Top officials at several U.S. retail gas companies reveal how they are rethinking their business models and developing new approaches to serve customers in the face of supply concerns and price...
The Gas Executives Forum: Gas Pains
Commodity price upheavals are energizing gas utilities to evolve their business models.
of the additional supplies we need. Typically, we source a little each month, to build a portfolio of prices we’ve locked in. We leave about one-third or one-half to mark to index prices, because we can’t be sure prices will be higher next winter.
We’ve had good cooperation and support from regulators on this approach.
Fortnightly: How do volatile gas prices affect Questar’s strategic outlook?
Allred: We are seeing continued decline in use of gas per customer. For an LDC whose recovered costs do not vary with volumes, that can create severe bottom-line pressures.
This is particularly a problem at a time of high commodity prices, because some people in the regulatory process want to make up the price difference by cutting our returns. That is a troubling trend, especially for an LDC that is trying to expand its network to keep up with a growing customer base. It could mean the capital isn’t available for those investments.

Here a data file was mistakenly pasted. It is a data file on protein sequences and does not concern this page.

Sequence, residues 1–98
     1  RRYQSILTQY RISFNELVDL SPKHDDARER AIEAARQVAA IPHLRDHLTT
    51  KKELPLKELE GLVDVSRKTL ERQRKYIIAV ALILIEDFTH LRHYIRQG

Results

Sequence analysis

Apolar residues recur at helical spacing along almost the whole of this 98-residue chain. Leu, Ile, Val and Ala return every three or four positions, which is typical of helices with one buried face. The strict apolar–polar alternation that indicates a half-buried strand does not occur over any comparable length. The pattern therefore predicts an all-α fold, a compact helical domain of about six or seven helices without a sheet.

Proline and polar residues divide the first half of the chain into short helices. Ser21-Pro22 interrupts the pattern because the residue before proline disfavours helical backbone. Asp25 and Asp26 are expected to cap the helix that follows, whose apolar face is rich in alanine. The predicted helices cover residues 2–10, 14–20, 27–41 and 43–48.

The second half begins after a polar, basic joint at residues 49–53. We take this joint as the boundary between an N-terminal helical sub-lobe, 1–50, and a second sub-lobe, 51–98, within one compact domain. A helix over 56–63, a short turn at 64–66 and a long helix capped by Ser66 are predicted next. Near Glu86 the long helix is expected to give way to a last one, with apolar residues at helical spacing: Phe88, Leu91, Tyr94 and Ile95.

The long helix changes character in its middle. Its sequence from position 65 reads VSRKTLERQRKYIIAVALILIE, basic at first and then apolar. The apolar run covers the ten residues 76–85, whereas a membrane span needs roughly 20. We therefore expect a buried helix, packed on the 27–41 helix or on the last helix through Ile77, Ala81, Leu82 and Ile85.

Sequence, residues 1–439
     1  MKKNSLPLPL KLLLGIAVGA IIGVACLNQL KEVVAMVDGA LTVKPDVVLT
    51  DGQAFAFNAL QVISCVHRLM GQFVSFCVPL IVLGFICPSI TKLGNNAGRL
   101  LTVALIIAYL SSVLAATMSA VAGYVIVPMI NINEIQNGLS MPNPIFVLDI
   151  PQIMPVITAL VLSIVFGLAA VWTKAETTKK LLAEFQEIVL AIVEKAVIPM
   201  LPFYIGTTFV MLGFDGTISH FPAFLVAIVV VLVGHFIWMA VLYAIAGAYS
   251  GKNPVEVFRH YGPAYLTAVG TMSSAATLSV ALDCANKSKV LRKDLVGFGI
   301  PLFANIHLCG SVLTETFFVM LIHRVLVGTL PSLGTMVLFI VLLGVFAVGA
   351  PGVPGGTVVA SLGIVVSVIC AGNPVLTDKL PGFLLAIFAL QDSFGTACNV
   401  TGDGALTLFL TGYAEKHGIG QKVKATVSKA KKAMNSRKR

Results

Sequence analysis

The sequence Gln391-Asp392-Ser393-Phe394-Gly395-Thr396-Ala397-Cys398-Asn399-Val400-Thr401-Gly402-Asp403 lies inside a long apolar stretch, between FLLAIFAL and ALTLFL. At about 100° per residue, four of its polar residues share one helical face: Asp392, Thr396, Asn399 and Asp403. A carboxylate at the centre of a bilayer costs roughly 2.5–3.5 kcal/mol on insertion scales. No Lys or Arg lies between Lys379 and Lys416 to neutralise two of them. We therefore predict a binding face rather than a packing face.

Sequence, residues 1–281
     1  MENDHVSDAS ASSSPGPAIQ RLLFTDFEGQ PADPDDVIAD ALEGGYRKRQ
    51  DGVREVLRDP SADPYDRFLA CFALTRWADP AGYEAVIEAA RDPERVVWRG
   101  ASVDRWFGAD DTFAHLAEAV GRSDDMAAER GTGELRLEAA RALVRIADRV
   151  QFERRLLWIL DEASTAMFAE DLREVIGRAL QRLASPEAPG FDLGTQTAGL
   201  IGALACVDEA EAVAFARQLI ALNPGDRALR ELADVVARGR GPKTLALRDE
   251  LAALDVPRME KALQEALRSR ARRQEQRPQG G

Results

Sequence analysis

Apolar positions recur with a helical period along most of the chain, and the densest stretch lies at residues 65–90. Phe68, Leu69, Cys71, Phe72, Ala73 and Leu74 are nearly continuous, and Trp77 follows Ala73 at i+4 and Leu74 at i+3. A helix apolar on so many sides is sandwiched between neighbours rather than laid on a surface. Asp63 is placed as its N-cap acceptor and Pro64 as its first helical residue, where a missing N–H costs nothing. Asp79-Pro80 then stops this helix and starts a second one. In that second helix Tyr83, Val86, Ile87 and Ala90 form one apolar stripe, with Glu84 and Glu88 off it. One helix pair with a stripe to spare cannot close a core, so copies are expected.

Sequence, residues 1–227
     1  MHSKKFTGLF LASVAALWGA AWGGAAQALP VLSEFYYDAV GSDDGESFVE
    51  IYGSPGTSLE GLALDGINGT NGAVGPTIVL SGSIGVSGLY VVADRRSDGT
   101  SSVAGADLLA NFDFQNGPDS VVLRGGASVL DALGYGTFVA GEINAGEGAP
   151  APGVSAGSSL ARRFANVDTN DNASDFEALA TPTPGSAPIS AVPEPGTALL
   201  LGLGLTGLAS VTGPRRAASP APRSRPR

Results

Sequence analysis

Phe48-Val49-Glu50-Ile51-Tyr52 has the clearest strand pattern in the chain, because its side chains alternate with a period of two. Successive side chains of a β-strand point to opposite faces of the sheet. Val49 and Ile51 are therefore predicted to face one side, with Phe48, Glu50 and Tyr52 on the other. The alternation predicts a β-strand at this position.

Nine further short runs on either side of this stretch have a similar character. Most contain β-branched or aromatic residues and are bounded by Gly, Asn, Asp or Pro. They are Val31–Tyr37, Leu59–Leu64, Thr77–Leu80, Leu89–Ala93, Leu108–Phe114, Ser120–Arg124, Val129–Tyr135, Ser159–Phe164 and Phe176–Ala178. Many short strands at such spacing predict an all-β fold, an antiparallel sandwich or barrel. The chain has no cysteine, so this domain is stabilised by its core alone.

In 2005, for the first time in eight years, we earned our allowed return—which is about 10 percent—in Wyoming and Utah. That’s a good sign for ratepayers, because it allows us to attract investment. But investors are expecting returns in the 11 to 12 percent range, and they have alternatives to invest in besides LDC that have similar risks. If commissions don’t allow a competitive return, investors will deploy their capital where they can get it.
Fortnightly: What capital investments do you expect to make in Questar’s gas-distribution system? What’s the status of your rate case?
Allred: It’s an active docket. We filed before the first of the year for a construction-enabling tariff. We worked with Utah regulators for three years, and thought we were close to an agreement. But the consumer advocate raised issues, and now we have hearings scheduled in May and June.
We expect to add 25,000 to 30,000 customers a year. With that growth, combined with the need to upgrade distribution systems to replace lines that need replacing, we are looking at capital investments in the $80 million to $100 million range each year.
Fortnightly: What are you telling investors about growth prospects for Questar Gas?
Allred: We’ve been honest with investors and said we will see 3 to 5 percent growth at best. Of course, our parent company combines our returns with the rest of Questar, and most of the growth is occurring on the E&P side. The E&P business is growing by about 10 percent, year-over-year. We are always looking to do acquisitions, but over the last couple of years we have achieved those growth levels by expanding resources and production.
Fortnightly: What regulatory priorities lead your agenda?
Allred: We are working with regulators on rate designs that will better align the interests of LDCs with customers and help promote conservation and demand-management measures. This design can be a high fixed charge or a tracking mechanism that sets rates on usage per customer, so we can recover fixed costs in a way that is not directly connected to volume. This is a problem that needs to be solved.